I have a ceiling fan that has a remote. The fan speed control works on fan and the switch at wall works cutting fan on/off. The light on fan does not work either by remote or switch. I am using one switch to cut fan and light on/off. I believe wiring at fan is correct. In the switch box, I have all the whites wirenutted together and pigtailed to switch, a blue and black wirenutted together and pigtailed to switch, and two black wires wirenutted together. Hunter ceiling fan about 20 years old if that helps. It was moved from one room to another. What is causing light not to work?

12/14 update: Problem has been resolved with fan. Changed to two switches at wall. There was some issues with wiring at fan that caused light not to work. Also changed wiring at wall switch to make work with two switches.

  • 1
    Can you post photos of the insides of both boxes? – ThreePhaseEel Dec 13 '16 at 2:18
  • I can't at this time. It is only one switch box. – georgia-guy Dec 13 '16 at 2:27
  • Do you get voltage at the input and the light output of the receiver with the wall switch on and the receiver set to light the light? – ThreePhaseEel Dec 13 '16 at 2:29
  • There is voltage to both sets of black wires wirenutted together that was mentioned in original question. The fan and light is mounted at the moment so I can't test voltage there right now. – georgia-guy Dec 13 '16 at 2:36
  • Does this fan have one pull chain for the fan and another for the light? – Jim Stewart Dec 13 '16 at 2:48

What are you talking about here:

I believe wiring at fan is correct. In the switch box, I have all the whites wirenutted together and pigtailed to switch, a blue and black wirenutted together and pigtailed to switch, and two black wires wirenutted together.

Are you talking about the box in the wall which holds the switch? If so, why are the whites pigtailed to the switch? Is this switch just a regular one-way mechanical switch? Or is it some new special switch that requires a neutral (white) connection?

Or when you say "switch box" do you mean the rectangular receiver which is under the cover where the fan attaches to the ceiling? If this is the case it sounds like you may have the whites wired wrong.

The receiver in my Hunter fan has two white stranded wires. One of these (labeled "neutral in") is wire-nutted to the solid white in the house wiring. The other (labeled "common out") is wire nutted to the stranded white common neutral in the fan. So my fan has a neutral common to the fan and the light. If your fan has a separate neutral for the fan and the light, then I presume both of these would be wire nutted to the "common out" wire of the receiver (so 3 wires in that wire nut).

So all of the whites are not supposed to be wire nutted together and pig-tailed to the switch.

My receiver also has two black wires and one blue wire, all stranded wire. One black is labelled "live in" and is to be wire nutted to the solid black of the house wire. The other black is labeled "fan out" and is wire nutted to the stranded wire that powers the fan. The blue wire is labeled "light out" and is to be wire nutted to the stranded wire that leads to the light.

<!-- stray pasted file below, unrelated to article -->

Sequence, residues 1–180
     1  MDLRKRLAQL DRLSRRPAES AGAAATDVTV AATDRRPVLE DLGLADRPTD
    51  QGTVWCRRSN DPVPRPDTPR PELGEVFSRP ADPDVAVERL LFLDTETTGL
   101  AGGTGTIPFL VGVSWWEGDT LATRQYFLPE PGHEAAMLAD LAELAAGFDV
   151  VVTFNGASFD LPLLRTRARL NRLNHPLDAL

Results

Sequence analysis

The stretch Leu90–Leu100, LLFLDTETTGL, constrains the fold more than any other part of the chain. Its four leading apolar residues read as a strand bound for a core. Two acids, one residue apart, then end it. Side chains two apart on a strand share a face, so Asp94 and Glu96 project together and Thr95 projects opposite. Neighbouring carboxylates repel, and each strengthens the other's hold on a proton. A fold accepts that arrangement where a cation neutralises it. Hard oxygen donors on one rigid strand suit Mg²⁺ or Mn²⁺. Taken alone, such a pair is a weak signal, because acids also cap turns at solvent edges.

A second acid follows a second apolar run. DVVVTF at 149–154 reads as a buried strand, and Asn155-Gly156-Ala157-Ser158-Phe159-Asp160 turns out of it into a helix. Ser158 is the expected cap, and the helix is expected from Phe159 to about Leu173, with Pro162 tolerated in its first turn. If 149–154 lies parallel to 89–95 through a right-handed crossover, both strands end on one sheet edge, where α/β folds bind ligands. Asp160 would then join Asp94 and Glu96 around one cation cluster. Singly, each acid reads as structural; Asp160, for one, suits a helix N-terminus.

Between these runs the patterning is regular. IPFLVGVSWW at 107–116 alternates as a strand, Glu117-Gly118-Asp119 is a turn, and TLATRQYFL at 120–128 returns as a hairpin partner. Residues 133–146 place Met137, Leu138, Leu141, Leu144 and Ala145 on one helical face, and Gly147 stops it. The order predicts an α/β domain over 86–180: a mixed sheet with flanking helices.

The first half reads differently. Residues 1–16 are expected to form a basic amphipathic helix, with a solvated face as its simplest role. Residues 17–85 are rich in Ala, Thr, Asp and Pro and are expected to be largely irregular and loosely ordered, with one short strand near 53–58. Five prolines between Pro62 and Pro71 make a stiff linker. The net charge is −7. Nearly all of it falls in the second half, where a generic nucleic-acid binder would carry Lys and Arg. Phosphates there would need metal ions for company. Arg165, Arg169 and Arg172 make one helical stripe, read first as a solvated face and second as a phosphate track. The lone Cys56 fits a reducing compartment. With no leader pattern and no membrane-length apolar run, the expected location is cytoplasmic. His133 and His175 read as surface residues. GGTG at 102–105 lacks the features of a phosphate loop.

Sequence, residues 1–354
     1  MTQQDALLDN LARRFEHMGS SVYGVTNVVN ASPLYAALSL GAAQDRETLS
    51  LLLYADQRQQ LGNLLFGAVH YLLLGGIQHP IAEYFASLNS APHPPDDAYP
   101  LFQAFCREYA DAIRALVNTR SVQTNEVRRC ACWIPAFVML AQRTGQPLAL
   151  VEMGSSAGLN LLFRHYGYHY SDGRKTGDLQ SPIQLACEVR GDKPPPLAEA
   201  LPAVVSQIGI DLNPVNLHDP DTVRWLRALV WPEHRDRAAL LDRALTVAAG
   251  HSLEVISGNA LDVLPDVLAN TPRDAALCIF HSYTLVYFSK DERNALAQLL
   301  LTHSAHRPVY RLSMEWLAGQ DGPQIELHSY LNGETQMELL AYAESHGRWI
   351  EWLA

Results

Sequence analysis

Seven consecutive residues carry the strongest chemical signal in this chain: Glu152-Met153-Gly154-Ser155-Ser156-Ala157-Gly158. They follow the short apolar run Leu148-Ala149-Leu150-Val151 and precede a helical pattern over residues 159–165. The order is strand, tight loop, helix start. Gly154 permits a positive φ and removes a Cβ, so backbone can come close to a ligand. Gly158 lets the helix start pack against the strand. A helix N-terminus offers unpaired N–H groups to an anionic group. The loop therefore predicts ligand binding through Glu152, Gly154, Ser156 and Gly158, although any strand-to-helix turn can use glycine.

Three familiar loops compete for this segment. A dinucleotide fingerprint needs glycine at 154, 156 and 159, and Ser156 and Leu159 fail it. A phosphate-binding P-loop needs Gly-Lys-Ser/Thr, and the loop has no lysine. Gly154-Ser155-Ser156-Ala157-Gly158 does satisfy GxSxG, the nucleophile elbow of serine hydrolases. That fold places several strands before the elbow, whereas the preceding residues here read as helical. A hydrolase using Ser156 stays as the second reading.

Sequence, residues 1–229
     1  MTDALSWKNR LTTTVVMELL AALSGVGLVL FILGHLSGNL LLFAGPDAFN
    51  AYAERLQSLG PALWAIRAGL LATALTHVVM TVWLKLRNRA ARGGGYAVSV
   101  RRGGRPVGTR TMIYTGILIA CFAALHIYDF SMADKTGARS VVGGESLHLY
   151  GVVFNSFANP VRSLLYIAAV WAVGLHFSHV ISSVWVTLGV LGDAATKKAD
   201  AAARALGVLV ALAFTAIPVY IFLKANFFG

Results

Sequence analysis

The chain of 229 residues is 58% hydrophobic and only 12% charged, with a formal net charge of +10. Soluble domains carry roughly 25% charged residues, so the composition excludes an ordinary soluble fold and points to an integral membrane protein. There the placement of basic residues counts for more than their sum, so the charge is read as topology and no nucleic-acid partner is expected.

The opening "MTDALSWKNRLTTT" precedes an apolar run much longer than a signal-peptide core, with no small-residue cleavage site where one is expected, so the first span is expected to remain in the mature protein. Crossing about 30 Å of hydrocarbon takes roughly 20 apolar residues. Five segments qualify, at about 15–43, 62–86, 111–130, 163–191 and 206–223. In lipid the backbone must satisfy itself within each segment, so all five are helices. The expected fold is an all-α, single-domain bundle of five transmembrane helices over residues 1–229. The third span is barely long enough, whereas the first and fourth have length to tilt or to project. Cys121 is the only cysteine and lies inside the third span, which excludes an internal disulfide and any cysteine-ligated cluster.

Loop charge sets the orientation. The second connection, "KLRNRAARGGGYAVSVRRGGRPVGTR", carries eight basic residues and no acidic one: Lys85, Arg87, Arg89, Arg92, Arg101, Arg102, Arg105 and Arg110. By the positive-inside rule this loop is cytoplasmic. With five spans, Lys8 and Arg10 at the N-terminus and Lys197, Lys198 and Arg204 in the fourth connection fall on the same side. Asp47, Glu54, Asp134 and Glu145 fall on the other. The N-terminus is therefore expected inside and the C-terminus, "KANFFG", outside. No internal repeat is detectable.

• Our fan had suddenly quit working a few days ago and I took out the receiver, made the straight connections and found the fan and light both worked with the pull chains. Today I tested the receiver/transmitter with a simple test apparatus and found that they controlled both light and fan with a 40 W halogen bulb as the load. I replaced the transmitter into the fan and both fan and light work. Probably one of the wire nut connections was bad leaving the switch unpowered or not properly powered. It was a little bit of a pain to get the receiver in place (vents up) with wires in the way. – Jim Stewart Dec 13 '16 at 21:01
  • The easiest test apparatus is to take an old lamp (pref. w/ polarized plug) and cut the cord and strip all 4 ends. Mark the plug and lamp ends black on hot and/or white on neutral. The receiver will be connected across this break according to the instruction for connecting the fan/light except that only one of the outputs of the receiver can be connected at one time. Connect the light output of the receiver to the lamp and see if the light button switches the light on and off. Then disconnect the blue and connect the fan output to the test light. The fan buttons should now work on light. – Jim Stewart Dec 13 '16 at 23:58
  • With above test apparatus do not leave it plugged into wall receptacle with the ends uncovered. Also note that when in use, the unused output of the receiver (light or fan) may be energized (hot) so it should be covered with a small wire nut. Make all connections and then plug into the wall last and operate the transmitter to test the transmitter and receiver. – Jim Stewart Dec 14 '16 at 0:19
  • I haven't had a chance to try suggestions yet, but I did wire black wire from house to bottom of switch, fan black , light blue, and a pigtail to top of light switch. I got voltage at light and fan, but neither came on. – georgia-guy Dec 14 '16 at 3:14
  • When you write "switch" immediately above do you mean the remote controlled switch (aka the receiver)? Does your receiver have wires coming from it or does it have screw terminals? – Jim Stewart Dec 14 '16 at 10:23

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